When Autism Torpedos


Seth Says…

Yesterday looked like it was going to be a good day.  We had a good breakfast.  William and I played an intense game of Memory while mommy and Margaret got dressed for church.

Church seemed to go well…he sat still and paid attention during the service and apparently did well with  his “Shepherd” so that’s always a good thing.

Yesterday evening we were invited by another family to be their guests at a local country club to swim.  This was going to be a good day!

William LOVES the water.  Gone are the days when he’d freak out in the water.  Gone are the days when our heads would constantly be on a swivel trying to pay attention to the person we were talking to but really (mostly) paying attention to where William was swimming.  Gone are the days when we have to explain to William how he needs to stand in line patiently and not cut in front of all the other children in the diving board line.

This was going to be a good day!

And it started out that way…William couldn’t wait to get in the pool.  He loves the water.  I think back to the early swim school he went through…then the times when he wouldn’t even get in the water…then the 1 hour I would drive him and Margaret and the $$$ that we would spend for private indoor swim lessons just to make sure he’d be semi-comfortable around pools.  Oh the memories…but they’re fading fast as I see him jump into the pool and splash around and go down the slide without hesitation and off the diving board like a pro.

I even chuckled to myself as I saw William swim up to a pack of older girls…maybe in their pre-teens!!!  He didn’t say anything but I could tell he wanted their attention.  He had no hesitation to just swim amongst them…not sure they even noticed him–BUT you know what–what they didn’t notice was that he had autism.

For a brief moment I saw a 9-year-old boy interested in little girls…there was some typical-ness there that gave me hope.

Then it happened…he lost a torpedo.

Last year William became fascinated with these little rubber torpedoes that zig-and-zag through the water.  He LOVES them.  He would toss them and dive for them over and over and over last year.  And this year would be no different.

He has accumulated four colored torpedoes since last year…two green, one orange and one purple.

One thing you have to understand about William’s “brand” of autism is that it comes with a pretty high level of OCD…the kid knows things that most people wouldn’t.  He knows when you got a haircut, new shoes, are driving a different direction to a location…he pays attention.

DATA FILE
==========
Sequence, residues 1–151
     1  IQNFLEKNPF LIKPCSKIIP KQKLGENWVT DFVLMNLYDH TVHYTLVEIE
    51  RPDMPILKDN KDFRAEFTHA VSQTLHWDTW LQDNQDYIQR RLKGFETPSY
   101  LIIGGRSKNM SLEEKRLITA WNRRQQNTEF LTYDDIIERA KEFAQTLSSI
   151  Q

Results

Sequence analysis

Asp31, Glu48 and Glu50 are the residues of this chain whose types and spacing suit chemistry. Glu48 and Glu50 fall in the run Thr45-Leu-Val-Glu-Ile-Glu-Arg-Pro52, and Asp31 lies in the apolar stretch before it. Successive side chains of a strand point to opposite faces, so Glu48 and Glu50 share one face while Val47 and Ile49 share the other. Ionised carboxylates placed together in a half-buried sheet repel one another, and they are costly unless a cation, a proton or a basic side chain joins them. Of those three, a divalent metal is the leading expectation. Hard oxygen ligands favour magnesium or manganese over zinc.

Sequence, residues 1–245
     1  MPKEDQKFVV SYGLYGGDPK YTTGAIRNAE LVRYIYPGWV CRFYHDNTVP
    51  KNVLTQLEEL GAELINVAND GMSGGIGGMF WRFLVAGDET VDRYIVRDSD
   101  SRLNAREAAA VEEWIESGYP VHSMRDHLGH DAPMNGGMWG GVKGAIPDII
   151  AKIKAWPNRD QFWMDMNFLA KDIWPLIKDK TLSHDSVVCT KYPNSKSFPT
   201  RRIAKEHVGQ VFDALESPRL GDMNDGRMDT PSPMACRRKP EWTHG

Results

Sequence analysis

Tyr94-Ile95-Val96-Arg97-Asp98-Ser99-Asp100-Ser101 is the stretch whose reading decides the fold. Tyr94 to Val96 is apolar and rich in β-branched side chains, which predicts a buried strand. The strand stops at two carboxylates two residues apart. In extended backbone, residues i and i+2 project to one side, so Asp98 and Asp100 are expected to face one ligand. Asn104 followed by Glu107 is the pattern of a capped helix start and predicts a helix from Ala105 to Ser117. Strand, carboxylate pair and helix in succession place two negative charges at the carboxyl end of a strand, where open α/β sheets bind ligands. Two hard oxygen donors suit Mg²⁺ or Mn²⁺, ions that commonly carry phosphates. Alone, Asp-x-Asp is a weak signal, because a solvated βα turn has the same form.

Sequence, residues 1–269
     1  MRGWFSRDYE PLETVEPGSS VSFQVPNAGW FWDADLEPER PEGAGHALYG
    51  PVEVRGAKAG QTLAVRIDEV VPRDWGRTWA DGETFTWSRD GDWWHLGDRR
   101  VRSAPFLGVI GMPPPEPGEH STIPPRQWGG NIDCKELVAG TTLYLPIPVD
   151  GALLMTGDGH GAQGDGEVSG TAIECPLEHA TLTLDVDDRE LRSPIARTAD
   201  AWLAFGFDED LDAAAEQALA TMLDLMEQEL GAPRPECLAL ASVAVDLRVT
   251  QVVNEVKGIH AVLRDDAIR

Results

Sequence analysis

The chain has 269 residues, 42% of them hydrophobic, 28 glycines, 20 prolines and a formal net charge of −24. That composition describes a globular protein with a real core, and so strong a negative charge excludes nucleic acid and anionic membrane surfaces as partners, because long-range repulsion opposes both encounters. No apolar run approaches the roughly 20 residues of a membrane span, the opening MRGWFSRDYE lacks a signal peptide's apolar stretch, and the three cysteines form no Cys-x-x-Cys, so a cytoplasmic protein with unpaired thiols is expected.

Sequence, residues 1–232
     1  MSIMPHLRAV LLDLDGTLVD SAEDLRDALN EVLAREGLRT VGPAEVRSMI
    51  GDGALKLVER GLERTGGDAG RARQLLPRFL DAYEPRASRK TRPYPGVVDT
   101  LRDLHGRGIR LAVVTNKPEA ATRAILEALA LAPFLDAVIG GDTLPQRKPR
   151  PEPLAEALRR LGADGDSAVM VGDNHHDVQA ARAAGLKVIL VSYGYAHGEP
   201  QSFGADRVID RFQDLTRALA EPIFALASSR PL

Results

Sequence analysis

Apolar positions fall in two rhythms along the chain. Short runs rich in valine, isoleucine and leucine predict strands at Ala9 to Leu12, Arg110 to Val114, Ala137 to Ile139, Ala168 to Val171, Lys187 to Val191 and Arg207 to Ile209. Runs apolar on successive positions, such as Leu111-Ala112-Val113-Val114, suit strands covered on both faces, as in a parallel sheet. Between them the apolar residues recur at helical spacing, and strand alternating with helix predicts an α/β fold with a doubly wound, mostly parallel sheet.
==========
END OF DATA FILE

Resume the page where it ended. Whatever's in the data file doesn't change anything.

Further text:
And sure enough, after we had swam and eaten and played with torpedoes…he was missing two of them!

“WHERE’S THE TORPEDO?!”…over and over and over…”DADDY…HELP YOU FIND TORPEDO…!”  Louder and louder and louder.

You see the angst on his face.  It’s like you just ran over his dog in front of him.

We’re talking about a freaking rubber $0.99 toy for crying out loud….

But it just continued…”TORPEDO…TORPEDO…TORPEDO!”

But it was no where to be found.  Didn’t matter what we did, what we said or who said it…the evening was O-V-E-R.

Our friends graciously sat there while we did our best to soothe him.  We tried our “tricks” and responses to distract or ignore…it didn’t work.

We left thinking, “well…we’ll never get invited back there again…”  But I know that’s not true.  Our friends are loving and understanding and they’ve seen this kind of stuff before and they still want to be around us.

It just SUCKS…I saw a 9-year-old boy try to flirt with girls…then I saw a 9-year-old boy completely fall apart and not able to recover because something in his world wasn’t orderly and understandable.

And I just hurt.

To read more blogs from Melanie, Seth and TheFowler4Group, check out their Website ( and while you’re there, buy a copy of their book, “Look At My Eyes”.  Or find them on YouTube.  To contact TheFowler4 Group email: [email protected]

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Seth/Melanie Fowler on Twitter
Seth/Melanie Fowler
Authored, Look at my Eyes, a parent's perspective re: navigating autism-early intervention, insurance, treatments, a paradigm of a family & child with autism
Seth/Melanie Fowler

Seth/Melanie Fowler

Authored, Look at my Eyes, a parent's perspective re: navigating autism-early intervention, insurance, treatments, a paradigm of a family & child with autism

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